The Relationship Of The Debt/GDP Ratio And Economic Growth

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 |  Includes: DIA, QQQ, SPY
by: Derek Tomczyk, CFA

We hear a lot in the media about debt/GDP ratios and how the rise and fall of them is an indicator of a country's economic health. In particular in Europe, the rise of the debt/GDP ratios has driven the calls for all types of spending and service cuts on the assumption that the number one priority should be the decrease of the debt or at least the deficit. Not much time is spent discussing what this debt/GDP ratio actually is and what its meaning is to the economy. The need for the debt part of the ratio to go down is assumed to be "common sense" and the discussion just focuses on what should be cut to reduce it. Since "common sense" is so often no sense at all, I thought I would take some time to look a bit deeper into the meaning of this ratio.

First of all, the debt part of the ratio refers to the government debt, not the overall debt burden for the country. In turn, the GDP part of the ratio refers to the combined income of the entire country, not just the government. Therefore, the debt/GDP so often reported in the news is actually government debt/(government income + private sector income).

This creates a problem in interpreting the ratio to evaluate the debt burden on the economy simply because a transfer of private debt to government debt will make the ratio go up even if the overall debt burden of the country does not change. This is in fact exactly what has happened since 2008 in the USA and more recently in Europe. When private sector banks got into debt trouble because private citizens were no longer able to pay for their overpriced houses, it was the governments that stepped in and assumed all that debt through bank bailouts. Therefore blaming government programs and spending for the high debt/GDP ratio is incorrect since it was the private sector that racked up the debt leading up to 2008. The governments had to come in and take the debt over to save the economy through various bail outs, so it shouldn't be surprising that the government portion of the total debt burden has increased drastically. Regardless of what you may think of the bail outs themselves, it was not reckless government spending or expensive government programs that led to them, and therefore cutting those programs will not prevent a similar crisis in the future.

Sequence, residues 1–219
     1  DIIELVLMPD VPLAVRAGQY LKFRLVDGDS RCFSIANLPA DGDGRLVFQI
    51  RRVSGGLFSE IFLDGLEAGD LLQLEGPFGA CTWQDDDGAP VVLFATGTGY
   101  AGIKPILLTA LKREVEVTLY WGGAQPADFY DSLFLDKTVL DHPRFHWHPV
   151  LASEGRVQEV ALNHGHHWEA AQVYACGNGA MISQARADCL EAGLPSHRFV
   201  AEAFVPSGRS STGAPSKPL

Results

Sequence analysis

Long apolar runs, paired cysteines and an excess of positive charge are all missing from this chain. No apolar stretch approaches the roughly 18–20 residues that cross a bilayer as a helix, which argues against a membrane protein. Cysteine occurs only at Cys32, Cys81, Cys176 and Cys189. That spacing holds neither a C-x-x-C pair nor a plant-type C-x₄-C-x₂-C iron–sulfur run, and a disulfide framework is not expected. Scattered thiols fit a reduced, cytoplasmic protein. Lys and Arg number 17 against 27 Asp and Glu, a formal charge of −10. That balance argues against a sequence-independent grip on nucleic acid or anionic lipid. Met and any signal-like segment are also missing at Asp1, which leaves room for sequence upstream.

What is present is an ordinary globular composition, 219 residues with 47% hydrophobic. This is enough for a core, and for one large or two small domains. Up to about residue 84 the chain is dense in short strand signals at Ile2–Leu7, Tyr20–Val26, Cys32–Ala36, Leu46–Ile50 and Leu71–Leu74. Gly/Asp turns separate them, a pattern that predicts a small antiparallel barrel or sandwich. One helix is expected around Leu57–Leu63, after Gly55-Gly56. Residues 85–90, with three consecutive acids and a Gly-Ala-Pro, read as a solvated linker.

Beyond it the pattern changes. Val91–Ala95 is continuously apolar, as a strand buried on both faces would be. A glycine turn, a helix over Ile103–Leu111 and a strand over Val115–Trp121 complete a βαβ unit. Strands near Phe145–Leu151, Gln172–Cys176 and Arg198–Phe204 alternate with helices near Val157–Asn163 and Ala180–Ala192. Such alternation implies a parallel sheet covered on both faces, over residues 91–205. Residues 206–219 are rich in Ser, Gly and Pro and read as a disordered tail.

The other point worth remembering is that since the debt/GDP ratio was caused by the transfer of debt from the private sector to the public sector, it is unlikely that transferring that debt back to the private sector through the cutting of subsidies and programs would help the economy. This is a major reason why European attempts at austerity have failed so badly to instill any confidence in those economies, and in fact, have driven the debt/GDP ratios even higher. When the citizens of the country are leaving in droves, it should be clear the country is not pursuing a policy that is in any way inspiring confidence, but yet you hear leaders in Europe trying to make the financial markets and bond vigilantes the culprit.

Since the reduction of public debt is being done at the expense of private citizens and economic growth, it's actually a completely rational reaction by citizens and bond holders to run for the hills as a country attempts to cut its deficit through cuts to its programs. It's just as rational as it is for corporate bond holders to raise rates on a company that is shutting down its offices and plants. No one wants to lend to a sinking ship even if that ship is shedding weight.

This effect is made worse because of the special relationship that government spending (deficit) has with its income (GDP). If a company or an individual is in debt, they can easily reduce that debt by reining in their spending because the spending is not directly related to their income. This means that if John Smith spends less, this does not affect how much John Smiths employer pays him. If a company spends less, it may or may not affect its income depending on whether that spending was generating immediate income. However, if a government cuts its spending in an economy where unemployment is high, it is directly and immediately affecting the country GDP and in-turn its own revenues.